MUNICH – As the Fourth of July comes and goes, I have been jokingly told by friends that I share a trait found more often in East Asian cultures; that of ancestor worship. One of my sons is named after both Benjamin Franklin and Thomas Jefferson, so fervently do I believe in the civic religion of the American democratic experiment. What would Jefferson – that most optimistic apostle of reason – make of the beyond-the-pale Islamic State (IS) (formerly Isis) which just last week announced the establishment of a caliphate in the desert wastes of eastern Syria and western Iraq?
I think it’s clear he’d tell us to keep our nerve. As Jefferson put it, “How much pain they have cost us, the evils which have never happened.” By emerging seemingly from nowhere and taking extremism to such an extreme (IS crucified eight rival Syrian rebels a few days ago), the IS has mesmerised the world. It is undoubtedly the richest and best-equipped jihadi extremist group on the planet, having stolen up to $500m from banks in Mosul and taken the American-purchased weapons of up to five Iraqi divisions as they scampered south. Sickeningly, it is estimated that IS now has enough arms to equip 200,000 soldiers, far more men than they presently have.
All this alarm is entirely understandable, just as it is certain that most analysts have long underplayed the danger of Sunni radicalism re-emerging, given the Syrian calamity and the feckless incompetence of the al-Maliki regime in Iraq. But perspective is essential here. Intellectually, both the IS and Sunni radicalism are in danger of going from being an understudied second-order problem to being an over-studied second-order problem. There are already grave dangers to IS’s continued viability, from both within and without.
For there is an historical playbook just in front of us that indicates how IS can be combated. An earlier incarnation of the group – Al-Qaeda in Iraq – became the dominant power in Iraq’s western Anbar province in 2006-07, riding an earlier wave of chaos and Shia political intolerance to seize power there.
However, from this high water mark, al-Qaeda in Iraq ran into trouble almost immediately, as it was unable to effectively govern the province. This mixture of administrative incompetence and its savage repression led to a political counter-movement, the Sahwa (Awakening), whereby American counter-insurgency forces allied with indigenous Sunni tribes to rout al-Qaeda. Remarkably quickly, by 2008-2009, al-Qaeda in Iraq had been subdued, with local Sunni tribal leaders taking charge of the vast province.
Bottom line, if the IS leadership (fascinating in its evil as it is) proves itself incapable of governing, Sunni tribal leaders and the remnants of Saddam’s Baathist Party are unlikely to tolerate them for long. While fighting a war on all fronts, the IS must set up a public administration, efficiently collect taxes, provide services, and create institutions on the fly. This is a gargantuan challenge at the best of times, and these certainly are not the best of times in Iraq. Nor does IS (unlike the American founding fathers) have a wealth of administrative experience to draw on. The new caliph of the IS, Abu Bakr al-Baghdadi, has issued a desperate call for Muslim judges and administrators to immigrate to the new country. Al-Baghdadi rightly knows that, without such expertise, his dream of a caliphate may prove remarkably short-lived.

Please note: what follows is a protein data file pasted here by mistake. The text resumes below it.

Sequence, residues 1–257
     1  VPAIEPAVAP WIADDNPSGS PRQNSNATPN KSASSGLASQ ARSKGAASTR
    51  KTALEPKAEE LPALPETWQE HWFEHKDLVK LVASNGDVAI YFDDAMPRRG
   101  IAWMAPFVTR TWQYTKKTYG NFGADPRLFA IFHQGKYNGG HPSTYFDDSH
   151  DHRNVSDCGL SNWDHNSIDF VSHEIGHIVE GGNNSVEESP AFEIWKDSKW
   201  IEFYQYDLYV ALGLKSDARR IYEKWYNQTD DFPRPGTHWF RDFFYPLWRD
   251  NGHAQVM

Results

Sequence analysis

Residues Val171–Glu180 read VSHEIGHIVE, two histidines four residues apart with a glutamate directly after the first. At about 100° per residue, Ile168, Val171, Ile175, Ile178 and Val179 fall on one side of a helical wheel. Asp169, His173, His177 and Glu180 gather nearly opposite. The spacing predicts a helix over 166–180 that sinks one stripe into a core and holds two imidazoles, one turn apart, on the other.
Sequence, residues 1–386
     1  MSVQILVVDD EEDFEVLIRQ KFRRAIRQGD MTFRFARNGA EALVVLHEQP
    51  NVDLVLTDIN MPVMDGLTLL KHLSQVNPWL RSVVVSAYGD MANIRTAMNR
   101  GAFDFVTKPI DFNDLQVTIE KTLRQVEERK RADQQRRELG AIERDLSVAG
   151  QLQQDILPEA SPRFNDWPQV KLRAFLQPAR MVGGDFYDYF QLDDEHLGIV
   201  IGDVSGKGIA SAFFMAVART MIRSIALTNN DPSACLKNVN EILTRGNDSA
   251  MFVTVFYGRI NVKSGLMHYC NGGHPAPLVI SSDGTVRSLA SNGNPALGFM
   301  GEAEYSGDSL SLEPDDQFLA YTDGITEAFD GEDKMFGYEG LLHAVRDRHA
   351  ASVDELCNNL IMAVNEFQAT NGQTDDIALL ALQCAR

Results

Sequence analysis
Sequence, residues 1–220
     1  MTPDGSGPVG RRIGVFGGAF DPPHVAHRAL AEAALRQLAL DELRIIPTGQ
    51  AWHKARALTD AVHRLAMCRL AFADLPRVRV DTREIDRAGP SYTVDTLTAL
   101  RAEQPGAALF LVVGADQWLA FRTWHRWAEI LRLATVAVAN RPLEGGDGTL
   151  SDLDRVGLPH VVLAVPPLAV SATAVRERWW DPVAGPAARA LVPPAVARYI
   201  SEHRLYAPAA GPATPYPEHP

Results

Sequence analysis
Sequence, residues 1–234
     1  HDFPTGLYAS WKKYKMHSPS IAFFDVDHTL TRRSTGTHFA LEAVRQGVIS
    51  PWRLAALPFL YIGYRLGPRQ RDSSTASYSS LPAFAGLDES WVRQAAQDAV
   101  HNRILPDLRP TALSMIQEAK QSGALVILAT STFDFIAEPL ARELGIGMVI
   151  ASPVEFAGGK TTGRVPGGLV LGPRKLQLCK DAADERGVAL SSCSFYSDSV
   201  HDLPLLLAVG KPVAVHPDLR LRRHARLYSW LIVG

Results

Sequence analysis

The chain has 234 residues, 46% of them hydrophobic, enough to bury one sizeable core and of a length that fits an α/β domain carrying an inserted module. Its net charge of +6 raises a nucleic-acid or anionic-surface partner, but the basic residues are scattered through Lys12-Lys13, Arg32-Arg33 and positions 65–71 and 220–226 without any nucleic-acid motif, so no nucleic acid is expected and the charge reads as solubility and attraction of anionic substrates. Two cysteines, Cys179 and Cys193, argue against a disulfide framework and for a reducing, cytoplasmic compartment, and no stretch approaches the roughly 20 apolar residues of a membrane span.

For the IS now finds itself fighting a war on multiple fronts, across a large expanse of territory (the area the IS controls today amounts to land two times the size of Israel), with a limited number of fighters. The IS has no real response to the air superiority of its enemies, even as the Maliki government has just purchased $500m worth of Russian Sukhoi warplanes. In its almost unimaginable extremism, the IS has somehow managed to array Syria, Russia, Iran, the US, Shia Iraq, and al-Qaeda against it, a mind-boggling list of enemies.
In the end, the IS has only one real thing going for it, the maladroitness of its Iraqi Shia enemies. There will be no new Awakening movement in IS territories if Baghdad continues to suicidally refuse to include more moderate Sunni leaders in the new central government. Washington must not cease pressing on this – both privately and publicly – to pressure Prime Minister Maliki (or whoever follows him) to give in on this central political point. For if this were to come to pass, IS’s days – for all the fascination with its evil – would likely be numbered.
Dr John C Hulsman is senior columnist at City A.M. He is a life member of the Council on Foreign Relations, and author of Ethical Realism, The Godfather Doctrine, and most recently Lawrence of Arabia, To Begin the World Over Again. He is president and co-founder of John C Hulsman Enterprises (www.john-hulsman.com), a global political risk consultancy, and available for corporate speaking and private briefings at www.chartwellpartners.co.uk
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